skip to Main Content

New Grantee: Legal Development Network, Ukraine

Meet our newest grantee: the Legal Development Network (LDN), a coalition of Ukrainian organizations that promote people-centered justice through aid, education, and strategic advocacy.

“The Legal Development Network is providing humanitarian aid and legal assistance in the most difficult context imaginable,” says Atieno Odhiambo, director of the Legal Empowerment Fund, a program of the Fund for Global Human Rights. “This emergency grant will help them continue their life-saving work and protect human rights in Ukraine.”

Since the Russian military invaded Ukraine on February 24, 2022, the country has endured heavy shelling of civilian areas, widespread fighting, the proliferation of weapons, and increased restrictions including curfews, martial law, and a state of national emergency. Across Ukraine, civilians have been targeted and cities have been destroyed. Nearly 3.5 million refugees have already fled the country. According to the United Nations Refugee Agency, 10 million Ukrainians have been displaced from their homes.

As conditions continue to deteriorate, both the work and the safety of grassroots activists is critical.

LDN is preparing to address the legal needs of Ukrainians as the humanitarian crisis deepens. As displaced people seek relief, resettlement, and restitution, lawyers from LDN will be ready at transit centers, offices, and online to provide free humanitarian and legal counseling on issues including relocation, temporary housing, migration, the destruction of buildings or personal property, disappearances, and other issues related to the invasion and imposition of martial law. An online map helps Ukrainians find local members of LDN’s network.

“We did not believe that the invasion would reach such a terrible scale,” says Yevgen Poltenko, executive director of LDN. “Ukrainian society has inevitably changed, becoming more cohesive, stronger, and more efficient. But along with these promising changes, the war poses a number of profound risks for society that need to be addressed.”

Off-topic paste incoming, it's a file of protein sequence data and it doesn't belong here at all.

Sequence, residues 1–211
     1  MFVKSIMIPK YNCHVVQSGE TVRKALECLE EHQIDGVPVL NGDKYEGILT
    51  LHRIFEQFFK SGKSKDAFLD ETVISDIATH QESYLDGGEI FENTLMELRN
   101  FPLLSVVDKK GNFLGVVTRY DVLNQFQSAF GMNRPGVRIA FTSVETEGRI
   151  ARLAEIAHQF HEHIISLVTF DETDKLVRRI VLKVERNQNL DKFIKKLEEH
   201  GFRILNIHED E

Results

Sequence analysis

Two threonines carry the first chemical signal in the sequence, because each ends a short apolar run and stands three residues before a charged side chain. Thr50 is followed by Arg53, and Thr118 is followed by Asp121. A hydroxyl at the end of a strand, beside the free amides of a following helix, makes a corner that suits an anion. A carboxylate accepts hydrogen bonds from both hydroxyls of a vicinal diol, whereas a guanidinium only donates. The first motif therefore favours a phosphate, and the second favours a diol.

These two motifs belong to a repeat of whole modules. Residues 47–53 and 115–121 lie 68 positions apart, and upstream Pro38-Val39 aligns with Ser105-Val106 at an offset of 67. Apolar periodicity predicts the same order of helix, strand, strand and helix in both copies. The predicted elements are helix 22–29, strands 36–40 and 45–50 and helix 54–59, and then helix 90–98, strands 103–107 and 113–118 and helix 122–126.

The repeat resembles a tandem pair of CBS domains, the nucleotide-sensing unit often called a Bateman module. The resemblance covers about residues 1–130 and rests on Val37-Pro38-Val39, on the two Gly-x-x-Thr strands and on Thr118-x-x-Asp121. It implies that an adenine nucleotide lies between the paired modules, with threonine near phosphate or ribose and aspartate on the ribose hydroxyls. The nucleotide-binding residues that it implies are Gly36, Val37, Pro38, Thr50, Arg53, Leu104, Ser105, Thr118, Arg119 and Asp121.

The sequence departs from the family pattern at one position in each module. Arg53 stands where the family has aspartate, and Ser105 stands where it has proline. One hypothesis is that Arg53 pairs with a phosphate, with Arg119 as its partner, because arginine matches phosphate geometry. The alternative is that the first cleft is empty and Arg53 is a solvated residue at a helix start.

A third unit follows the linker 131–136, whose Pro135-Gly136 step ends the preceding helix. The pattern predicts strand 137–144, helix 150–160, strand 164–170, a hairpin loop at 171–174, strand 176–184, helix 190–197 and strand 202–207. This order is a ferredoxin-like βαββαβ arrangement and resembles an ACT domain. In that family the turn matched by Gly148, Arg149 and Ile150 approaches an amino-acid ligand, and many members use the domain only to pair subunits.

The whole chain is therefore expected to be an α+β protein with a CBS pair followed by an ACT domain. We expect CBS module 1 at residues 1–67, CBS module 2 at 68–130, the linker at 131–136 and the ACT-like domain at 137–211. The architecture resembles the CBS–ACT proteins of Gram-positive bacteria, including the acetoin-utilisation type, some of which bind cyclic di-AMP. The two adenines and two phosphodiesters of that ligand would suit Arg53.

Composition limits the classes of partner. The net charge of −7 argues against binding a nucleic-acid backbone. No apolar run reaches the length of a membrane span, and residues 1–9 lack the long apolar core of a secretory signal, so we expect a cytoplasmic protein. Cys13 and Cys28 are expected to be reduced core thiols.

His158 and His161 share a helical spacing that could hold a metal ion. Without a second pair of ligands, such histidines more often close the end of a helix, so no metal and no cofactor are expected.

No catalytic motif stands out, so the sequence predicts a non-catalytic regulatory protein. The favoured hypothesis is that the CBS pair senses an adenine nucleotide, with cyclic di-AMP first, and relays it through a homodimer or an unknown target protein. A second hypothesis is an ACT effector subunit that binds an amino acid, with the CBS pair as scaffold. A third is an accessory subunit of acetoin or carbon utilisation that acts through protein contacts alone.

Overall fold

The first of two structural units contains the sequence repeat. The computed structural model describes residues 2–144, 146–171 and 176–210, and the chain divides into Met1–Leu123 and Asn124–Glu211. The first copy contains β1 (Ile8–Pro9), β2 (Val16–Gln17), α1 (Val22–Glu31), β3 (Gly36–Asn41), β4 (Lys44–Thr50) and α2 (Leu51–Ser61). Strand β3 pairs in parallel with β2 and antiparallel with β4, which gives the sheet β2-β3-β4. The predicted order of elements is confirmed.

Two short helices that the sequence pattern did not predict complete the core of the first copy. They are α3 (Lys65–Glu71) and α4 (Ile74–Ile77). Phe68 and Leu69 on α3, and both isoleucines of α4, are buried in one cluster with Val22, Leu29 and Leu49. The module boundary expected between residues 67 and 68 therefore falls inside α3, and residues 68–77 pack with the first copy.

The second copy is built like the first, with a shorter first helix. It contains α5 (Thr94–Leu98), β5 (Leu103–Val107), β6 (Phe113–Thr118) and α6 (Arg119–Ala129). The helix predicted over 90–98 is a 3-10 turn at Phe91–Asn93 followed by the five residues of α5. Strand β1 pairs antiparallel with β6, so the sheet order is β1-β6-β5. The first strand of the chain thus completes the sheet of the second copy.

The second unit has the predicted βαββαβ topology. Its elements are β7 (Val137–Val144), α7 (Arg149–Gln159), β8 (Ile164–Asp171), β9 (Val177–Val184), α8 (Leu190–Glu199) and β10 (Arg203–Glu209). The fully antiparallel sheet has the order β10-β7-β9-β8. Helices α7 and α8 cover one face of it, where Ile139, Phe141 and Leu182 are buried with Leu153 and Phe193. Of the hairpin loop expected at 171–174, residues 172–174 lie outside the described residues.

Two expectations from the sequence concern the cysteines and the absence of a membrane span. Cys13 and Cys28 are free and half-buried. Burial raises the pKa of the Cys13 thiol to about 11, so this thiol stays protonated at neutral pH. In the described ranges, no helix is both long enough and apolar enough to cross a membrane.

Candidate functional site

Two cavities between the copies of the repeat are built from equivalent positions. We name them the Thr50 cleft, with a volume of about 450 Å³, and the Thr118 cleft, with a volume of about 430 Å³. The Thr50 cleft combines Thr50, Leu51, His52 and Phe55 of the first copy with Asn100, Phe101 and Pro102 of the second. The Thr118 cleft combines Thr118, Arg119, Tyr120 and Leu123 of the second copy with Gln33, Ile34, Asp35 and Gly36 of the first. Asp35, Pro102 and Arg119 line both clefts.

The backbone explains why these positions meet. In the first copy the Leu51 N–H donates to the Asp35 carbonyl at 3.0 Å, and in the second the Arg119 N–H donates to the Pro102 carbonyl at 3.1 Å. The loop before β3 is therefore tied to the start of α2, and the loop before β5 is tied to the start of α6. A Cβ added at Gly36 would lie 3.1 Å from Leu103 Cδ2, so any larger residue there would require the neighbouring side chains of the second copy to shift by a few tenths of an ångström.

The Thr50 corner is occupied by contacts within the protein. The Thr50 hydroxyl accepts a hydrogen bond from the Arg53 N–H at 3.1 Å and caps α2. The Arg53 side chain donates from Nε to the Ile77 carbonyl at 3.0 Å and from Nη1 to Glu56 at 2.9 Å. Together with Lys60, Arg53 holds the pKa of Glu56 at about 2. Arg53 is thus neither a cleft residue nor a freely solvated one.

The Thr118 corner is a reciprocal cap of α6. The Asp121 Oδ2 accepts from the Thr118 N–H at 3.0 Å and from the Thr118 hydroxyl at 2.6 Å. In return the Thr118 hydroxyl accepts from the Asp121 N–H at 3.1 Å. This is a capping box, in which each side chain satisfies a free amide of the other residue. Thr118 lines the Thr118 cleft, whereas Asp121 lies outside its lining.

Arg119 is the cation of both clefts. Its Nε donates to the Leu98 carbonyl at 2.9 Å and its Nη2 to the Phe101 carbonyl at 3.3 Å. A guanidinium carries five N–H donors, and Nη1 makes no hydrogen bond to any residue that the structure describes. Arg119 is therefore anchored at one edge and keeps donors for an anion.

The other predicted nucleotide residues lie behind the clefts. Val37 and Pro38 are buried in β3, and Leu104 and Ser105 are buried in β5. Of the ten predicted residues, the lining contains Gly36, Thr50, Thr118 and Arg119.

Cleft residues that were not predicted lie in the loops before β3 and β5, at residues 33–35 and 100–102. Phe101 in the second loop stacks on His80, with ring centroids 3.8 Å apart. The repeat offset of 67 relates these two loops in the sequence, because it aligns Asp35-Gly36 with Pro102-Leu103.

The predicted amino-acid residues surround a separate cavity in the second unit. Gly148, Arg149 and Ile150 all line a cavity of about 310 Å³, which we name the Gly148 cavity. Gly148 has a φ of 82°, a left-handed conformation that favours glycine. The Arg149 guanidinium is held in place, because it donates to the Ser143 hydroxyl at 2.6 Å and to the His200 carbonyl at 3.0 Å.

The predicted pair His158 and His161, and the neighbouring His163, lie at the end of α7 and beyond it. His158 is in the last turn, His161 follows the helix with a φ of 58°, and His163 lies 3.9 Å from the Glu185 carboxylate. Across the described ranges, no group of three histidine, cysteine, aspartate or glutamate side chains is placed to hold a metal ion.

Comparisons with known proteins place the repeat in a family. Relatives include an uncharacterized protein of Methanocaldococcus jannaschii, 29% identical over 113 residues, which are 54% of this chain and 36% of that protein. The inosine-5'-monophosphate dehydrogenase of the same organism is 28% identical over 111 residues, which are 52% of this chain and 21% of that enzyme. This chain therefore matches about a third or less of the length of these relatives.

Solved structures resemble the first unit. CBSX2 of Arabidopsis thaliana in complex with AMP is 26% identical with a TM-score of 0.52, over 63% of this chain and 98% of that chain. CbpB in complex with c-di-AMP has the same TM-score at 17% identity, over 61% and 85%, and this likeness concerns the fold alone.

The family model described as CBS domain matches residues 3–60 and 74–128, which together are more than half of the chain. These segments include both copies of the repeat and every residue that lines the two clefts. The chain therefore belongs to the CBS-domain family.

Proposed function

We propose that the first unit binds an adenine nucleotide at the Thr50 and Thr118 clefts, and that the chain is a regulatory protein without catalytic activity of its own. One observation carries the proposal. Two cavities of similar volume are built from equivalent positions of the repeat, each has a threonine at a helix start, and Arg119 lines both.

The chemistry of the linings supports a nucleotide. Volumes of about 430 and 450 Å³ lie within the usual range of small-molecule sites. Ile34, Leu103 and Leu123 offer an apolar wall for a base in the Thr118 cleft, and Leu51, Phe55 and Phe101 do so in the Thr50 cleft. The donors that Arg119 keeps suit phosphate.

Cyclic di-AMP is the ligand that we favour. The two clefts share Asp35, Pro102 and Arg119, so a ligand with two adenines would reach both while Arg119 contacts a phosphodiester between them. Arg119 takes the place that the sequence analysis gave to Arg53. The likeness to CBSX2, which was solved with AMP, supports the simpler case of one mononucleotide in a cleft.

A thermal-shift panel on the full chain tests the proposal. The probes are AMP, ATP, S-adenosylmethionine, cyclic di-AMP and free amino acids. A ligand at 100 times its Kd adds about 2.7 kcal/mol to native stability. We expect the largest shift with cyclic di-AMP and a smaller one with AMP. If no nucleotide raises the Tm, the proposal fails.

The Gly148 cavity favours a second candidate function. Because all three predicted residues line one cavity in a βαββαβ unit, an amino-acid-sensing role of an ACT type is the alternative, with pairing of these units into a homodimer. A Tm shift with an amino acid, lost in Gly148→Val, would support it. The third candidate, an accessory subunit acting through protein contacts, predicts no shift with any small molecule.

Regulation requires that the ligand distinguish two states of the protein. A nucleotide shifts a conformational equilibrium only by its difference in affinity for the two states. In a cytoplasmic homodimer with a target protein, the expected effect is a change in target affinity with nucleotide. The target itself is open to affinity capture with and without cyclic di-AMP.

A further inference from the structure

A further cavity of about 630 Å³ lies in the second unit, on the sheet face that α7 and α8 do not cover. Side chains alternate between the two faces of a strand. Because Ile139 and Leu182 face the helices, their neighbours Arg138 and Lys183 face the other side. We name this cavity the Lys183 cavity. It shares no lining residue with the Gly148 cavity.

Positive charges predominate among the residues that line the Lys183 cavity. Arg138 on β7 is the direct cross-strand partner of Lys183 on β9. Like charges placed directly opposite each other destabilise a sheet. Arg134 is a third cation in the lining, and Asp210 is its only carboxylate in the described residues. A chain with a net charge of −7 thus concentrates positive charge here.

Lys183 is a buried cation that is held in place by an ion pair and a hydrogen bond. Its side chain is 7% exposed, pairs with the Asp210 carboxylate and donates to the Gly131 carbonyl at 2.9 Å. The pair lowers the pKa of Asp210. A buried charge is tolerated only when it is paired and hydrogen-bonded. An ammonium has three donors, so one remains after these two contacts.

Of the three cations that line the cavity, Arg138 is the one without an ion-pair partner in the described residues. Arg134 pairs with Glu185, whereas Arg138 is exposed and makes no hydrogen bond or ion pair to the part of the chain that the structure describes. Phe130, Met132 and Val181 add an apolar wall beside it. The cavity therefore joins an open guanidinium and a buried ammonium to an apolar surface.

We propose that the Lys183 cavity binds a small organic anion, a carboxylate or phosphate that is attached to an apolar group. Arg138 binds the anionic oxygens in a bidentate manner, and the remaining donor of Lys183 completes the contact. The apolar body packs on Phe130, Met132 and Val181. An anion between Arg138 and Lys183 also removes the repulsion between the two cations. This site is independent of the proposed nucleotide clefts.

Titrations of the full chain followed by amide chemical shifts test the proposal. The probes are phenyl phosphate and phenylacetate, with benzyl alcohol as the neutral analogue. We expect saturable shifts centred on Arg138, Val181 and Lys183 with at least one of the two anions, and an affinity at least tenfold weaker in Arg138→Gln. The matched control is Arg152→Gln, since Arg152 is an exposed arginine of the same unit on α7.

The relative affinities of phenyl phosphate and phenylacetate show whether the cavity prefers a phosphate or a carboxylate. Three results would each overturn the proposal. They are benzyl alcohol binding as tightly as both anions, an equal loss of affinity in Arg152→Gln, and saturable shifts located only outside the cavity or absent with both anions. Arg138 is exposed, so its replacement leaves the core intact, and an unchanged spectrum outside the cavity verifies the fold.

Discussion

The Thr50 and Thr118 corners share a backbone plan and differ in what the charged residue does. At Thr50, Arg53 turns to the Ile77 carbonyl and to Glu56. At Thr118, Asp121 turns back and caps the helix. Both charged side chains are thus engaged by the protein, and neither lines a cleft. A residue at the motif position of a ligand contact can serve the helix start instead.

LDN is made up of 21 organizations operating in 16 regions of Ukraine. Since the invasion began, they have prioritized ensuring the safety of their members. At this time, all members are accounted for and in contact with LDN’s leadership. With support from the Fund, LDN will be able to begin relocating colleagues and their families who are in immediate danger.

As the Russian military moves toward Kyiv, LDN has partnered with local companies to create a logistics and coordination center in the capital city. With a volunteer team of more than 300 people, they’ve been able to order, process, and deliver crucial humanitarian aid—including medicine and food—to shelters, orphanages, and hospitals.

Photo courtesy of LDN.

Looking ahead, LDN is already anticipating where their services will be needed next. Compensation for destroyed property, registration of wartime births and deaths, and the receipt of state benefits will all require legal counseling.

They’re also thinking about how this war will reshape Ukrainian society. LDN’s efforts will be essential to maintaining long-term commitment to the rule of law, mitigating intolerance in the aftermath of the conflict, and addressing the mental health needs of Ukrainians, especially children, refugees, and the families of combatants.

The Fund is proud to support the incredible work of LDN as they defend human rights from violence and oppression.

×Close search